Students celebrate achievements at police presentation

Bedfordshire Police Interns - Presentations
Bedfordshire Police Interns - Presentations

Students who have gained vital experience working with the county’s police force have celebrated their achievements.

The 11 interns, who joined Bedfordshire Police as part of the force’s ten-week Summer Internship Programme, received certificates at a ceremony to mark the end of their placements and their contribution to the force over the past 10 weeks.

The interns presented their work to colleagues, friends and family and senior officers at a celebration day on Thursday, September 1, at police headquarters, before being presented with certificates by Superintendent Paul Schoon, force lead for volunteers, and Deputy Chief Constable Mark Collins.

The paid Summer Internship Programme was started in 2014 and has expanded to give 11 students the opportunity this year.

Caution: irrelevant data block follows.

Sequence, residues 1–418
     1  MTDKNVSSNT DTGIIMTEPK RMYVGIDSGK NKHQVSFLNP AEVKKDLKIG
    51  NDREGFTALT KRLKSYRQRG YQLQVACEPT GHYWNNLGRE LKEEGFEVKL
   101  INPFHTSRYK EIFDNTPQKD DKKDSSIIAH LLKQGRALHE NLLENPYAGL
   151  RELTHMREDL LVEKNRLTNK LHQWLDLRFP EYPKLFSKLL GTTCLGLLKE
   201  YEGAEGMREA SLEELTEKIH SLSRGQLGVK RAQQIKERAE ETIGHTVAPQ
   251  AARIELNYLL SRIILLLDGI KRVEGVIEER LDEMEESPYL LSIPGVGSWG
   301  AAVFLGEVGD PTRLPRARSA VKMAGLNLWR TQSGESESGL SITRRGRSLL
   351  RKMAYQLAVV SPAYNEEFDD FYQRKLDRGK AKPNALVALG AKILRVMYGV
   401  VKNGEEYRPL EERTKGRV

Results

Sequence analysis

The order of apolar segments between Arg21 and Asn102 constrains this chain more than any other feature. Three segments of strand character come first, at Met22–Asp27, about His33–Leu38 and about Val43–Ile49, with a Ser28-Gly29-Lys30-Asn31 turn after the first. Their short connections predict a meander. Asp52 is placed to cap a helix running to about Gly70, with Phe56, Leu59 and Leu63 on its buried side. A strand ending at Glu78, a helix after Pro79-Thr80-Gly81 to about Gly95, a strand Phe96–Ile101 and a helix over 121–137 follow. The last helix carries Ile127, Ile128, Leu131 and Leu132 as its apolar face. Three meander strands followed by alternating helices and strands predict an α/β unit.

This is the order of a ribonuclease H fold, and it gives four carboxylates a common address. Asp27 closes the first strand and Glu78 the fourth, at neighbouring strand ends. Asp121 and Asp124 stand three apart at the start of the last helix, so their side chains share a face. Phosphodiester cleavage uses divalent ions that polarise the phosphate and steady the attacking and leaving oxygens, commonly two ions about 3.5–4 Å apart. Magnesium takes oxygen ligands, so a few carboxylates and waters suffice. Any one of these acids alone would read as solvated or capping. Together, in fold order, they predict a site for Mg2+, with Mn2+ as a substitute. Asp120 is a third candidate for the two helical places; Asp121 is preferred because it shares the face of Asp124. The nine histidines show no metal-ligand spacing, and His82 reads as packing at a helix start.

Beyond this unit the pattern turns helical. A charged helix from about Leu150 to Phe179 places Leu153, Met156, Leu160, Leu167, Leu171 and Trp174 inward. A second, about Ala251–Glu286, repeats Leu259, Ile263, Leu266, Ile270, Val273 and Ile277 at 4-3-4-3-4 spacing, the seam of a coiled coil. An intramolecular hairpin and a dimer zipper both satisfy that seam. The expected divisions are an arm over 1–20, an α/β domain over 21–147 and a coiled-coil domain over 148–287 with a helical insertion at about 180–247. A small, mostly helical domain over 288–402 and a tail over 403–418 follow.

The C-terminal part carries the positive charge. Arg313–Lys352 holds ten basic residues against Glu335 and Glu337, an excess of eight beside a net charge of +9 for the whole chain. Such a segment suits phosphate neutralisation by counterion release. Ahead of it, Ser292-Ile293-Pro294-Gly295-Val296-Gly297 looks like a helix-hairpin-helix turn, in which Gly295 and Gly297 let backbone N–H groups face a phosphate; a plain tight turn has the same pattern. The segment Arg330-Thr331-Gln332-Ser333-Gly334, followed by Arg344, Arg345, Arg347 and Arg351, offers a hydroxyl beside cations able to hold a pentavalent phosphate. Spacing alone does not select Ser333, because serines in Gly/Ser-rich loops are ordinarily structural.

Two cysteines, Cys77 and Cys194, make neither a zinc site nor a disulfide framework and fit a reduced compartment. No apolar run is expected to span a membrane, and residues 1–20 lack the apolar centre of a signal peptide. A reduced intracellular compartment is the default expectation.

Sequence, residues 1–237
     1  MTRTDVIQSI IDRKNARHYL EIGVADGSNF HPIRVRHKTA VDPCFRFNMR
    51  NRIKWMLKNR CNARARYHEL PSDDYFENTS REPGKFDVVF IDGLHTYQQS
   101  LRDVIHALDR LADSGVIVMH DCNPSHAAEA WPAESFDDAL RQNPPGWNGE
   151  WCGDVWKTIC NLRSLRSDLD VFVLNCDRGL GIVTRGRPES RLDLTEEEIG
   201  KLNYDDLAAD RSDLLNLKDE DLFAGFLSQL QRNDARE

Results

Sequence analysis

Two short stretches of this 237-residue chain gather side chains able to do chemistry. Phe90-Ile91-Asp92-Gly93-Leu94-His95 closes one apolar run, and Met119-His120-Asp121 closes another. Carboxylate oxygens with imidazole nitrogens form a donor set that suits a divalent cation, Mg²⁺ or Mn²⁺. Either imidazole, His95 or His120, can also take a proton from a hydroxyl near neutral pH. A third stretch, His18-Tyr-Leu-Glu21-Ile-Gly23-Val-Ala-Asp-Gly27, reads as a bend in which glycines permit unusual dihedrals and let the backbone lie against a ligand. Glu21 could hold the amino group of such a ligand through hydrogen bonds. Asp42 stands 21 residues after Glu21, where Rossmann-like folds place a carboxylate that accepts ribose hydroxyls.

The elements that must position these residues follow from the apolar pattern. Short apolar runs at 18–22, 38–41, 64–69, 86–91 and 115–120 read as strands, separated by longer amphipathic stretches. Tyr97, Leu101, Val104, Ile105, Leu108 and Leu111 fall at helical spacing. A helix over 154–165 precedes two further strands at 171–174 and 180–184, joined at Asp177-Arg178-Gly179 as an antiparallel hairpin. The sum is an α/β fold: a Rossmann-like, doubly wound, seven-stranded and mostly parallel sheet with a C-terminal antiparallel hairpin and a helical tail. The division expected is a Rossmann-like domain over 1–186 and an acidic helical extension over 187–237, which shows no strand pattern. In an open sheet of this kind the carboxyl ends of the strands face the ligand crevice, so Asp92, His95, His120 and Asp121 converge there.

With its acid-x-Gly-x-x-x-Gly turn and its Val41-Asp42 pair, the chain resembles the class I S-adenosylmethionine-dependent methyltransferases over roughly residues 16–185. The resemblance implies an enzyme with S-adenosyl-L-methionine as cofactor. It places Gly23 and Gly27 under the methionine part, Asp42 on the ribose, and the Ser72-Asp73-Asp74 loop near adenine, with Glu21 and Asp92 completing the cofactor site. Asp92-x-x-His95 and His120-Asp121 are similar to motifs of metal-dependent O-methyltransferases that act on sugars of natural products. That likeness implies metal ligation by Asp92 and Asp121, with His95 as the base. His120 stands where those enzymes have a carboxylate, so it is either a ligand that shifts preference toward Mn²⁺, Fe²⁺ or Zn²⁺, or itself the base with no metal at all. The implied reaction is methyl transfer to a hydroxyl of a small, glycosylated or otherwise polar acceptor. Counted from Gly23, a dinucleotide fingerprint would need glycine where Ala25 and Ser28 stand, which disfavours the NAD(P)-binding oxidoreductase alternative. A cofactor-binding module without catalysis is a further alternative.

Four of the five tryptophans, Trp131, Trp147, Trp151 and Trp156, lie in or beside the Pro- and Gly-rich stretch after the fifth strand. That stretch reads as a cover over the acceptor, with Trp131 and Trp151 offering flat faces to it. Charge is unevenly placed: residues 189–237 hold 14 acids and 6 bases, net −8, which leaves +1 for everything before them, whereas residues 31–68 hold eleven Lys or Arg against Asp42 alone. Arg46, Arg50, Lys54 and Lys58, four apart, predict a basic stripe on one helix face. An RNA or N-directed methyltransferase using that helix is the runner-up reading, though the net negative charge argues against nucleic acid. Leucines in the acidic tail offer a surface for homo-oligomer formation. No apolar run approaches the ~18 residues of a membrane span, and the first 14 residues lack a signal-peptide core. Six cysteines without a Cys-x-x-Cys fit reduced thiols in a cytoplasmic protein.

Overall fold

More than 100 university students from across the country – either in their second or third year, or recent graduates - applied for this year’s scheme, and 30 were invited to interview. Eleven students, five from Bedfordshire, were successful and started their placements at the beginning of June.

This year they worked in departments including the public protection unit, cyber crime, community policing, hate crime, community cohesion team and the volunteering unit on projects including restorative justice, victim satisfaction, performance reviews and community engagement.

Supt Schoon said: “The Summer Internship Scheme is vital and allows us to engage with young people who can bring new perspectives to the force. This year proved to be another success, and the young people who joined us were able to gain new skills and explore the possibility of building a career in policing.

“We are leading the way in this area; other forces have asked us about our model, which shows the quality of the programme we have designed. Our interns work to a framework, which we have spent a lot of time developing in collaboration with several universities, so when they leave they can demonstrate their achievements, in turn making them more employable.

“Several have told us they enjoyed their time with us so much that they want to come back as volunteers or special constables, and we look forward to welcoming them back.”